Wednesday, March 3, 2010
The Conservatory Library is pleased to have on display a collection of instruments, curated by Professor Rod Knight. The display consists of pairs of instruments, the real thing and a tourist copy. According to Prof. Knight, "The prize for me is the one in this photo--a block of wood with 3 holes. It was made by a student in my instruments class in 1978, and she just sent it to me to put in the collection. It might be the only one in the USA. The photos of it, on which she based her model, are from 1912, and it was already rare then."
The Roderic C. Knight Musical Instrument Collection is available online and is devoted to organology (the scientific study of musical instruments) as well as the stories about the instruments in the collection. The companion blog for his instrument collection can be seen here
We hope you stop in and take a look at this rare exhibit. Special thanks to Prof. Knight for curating this fabulous exhibit.
Tuesday, March 2, 2010
Music Museum Expands Reach With Archive, Library
CLEVELAND (AP) -- There's always been room at the Rock and Roll Hall of Fame and Museum for the exciting, most popular relics, like Michael Jackson's ''Thriller'' jacket and John Lennon's Sgt. Pepper uniform. But most of the not-so-flashy mementos were tucked away in storage.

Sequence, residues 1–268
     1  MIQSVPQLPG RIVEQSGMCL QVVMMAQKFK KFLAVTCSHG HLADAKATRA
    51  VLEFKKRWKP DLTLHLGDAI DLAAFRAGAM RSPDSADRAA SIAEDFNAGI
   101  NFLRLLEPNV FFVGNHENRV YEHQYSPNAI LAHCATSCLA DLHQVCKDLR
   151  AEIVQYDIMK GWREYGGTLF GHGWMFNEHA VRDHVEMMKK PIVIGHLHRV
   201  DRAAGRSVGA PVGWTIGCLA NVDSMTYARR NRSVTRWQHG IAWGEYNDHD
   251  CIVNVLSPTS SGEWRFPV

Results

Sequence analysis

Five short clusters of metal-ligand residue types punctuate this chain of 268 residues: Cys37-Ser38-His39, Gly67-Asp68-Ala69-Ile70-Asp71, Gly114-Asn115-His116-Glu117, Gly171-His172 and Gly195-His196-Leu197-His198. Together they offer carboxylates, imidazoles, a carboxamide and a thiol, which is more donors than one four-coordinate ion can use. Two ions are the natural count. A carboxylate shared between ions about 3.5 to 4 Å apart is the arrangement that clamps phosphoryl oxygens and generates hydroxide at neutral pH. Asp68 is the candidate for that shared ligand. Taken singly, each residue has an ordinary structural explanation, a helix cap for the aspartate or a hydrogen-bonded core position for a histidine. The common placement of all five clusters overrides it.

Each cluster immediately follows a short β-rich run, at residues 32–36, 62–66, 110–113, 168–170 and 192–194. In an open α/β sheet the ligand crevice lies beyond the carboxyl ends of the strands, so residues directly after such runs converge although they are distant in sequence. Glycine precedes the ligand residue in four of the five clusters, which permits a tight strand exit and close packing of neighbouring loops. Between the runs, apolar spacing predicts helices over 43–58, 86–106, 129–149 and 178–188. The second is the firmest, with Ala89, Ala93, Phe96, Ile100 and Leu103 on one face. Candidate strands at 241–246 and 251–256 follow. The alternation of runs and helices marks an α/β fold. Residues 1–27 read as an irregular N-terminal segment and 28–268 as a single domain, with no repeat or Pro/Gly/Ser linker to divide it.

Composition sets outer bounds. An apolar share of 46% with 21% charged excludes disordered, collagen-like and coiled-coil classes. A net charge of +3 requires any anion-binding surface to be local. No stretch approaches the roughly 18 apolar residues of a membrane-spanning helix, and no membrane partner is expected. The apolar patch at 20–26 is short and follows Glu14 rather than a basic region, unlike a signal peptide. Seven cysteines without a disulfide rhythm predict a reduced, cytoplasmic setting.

Visitors will get a chance to see those hidden artifacts beginning later this year, when the museum opens its library and archives in a recently completed high-tech building it shares with Cuyahoga Community College's creative arts programs.
The museum has begun moving photos, recordings, albums and covers, oral histories, scrap books and other packed materials from its iconic glass pyramid overlooking Lake Erie to the new, low-key building two miles away.
The items also include such gems as Jim Morrison's first poem, video from the 1981-82 Rolling Stones tour and personal letters from the Grateful Dead, Whitney Houston, Patti Smith and others. Posters of Alan Freed, the DJ credited with coining the phrase rock 'n' roll, and aging LP records also will find a home in the $12 million building. The records will be digitalized and available for listening.
The library will be the most comprehensive repository of rock history, with materials donated by hall of fame inductees and wannabes who see it as a way to preserve their stories, said Deborah Campana, librarian of the Oberlin Conservatory of Music. Read More
Monday, March 1, 2010
Music history finds a new home inside Rock Hall's library and archives at Tri-C's Center for Creative Arts
February 28, 2010, 6:30AMIn the conservation lab, a movie poster for "Love Me Tender" starring Elvis Presley in his big-screen debut ("Mr. Rock 'n' Roll in the story he was born to play!") is unfurled on a table, awaiting inspection. Around the corner, a worker pulls a "We Are the World" album off a stack of LPs as she takes inventory for a computer database. In another room, pallets are piled high with boxes containing everything from David Bowie and Jefferson Starship videos to a vinyl copy of "Gary Puckett &amp;amp;amp; the Union Gap's Greatest Hits" -- a fresh shipment of history, ready to be processed.
Welcome to the attic of rock 'n' roll heaven, otherwise known as the Rock and Roll Hall of Fame and Museum's library and archives.
The facility won't open to the public until November or December, but staffers are hard at work there already.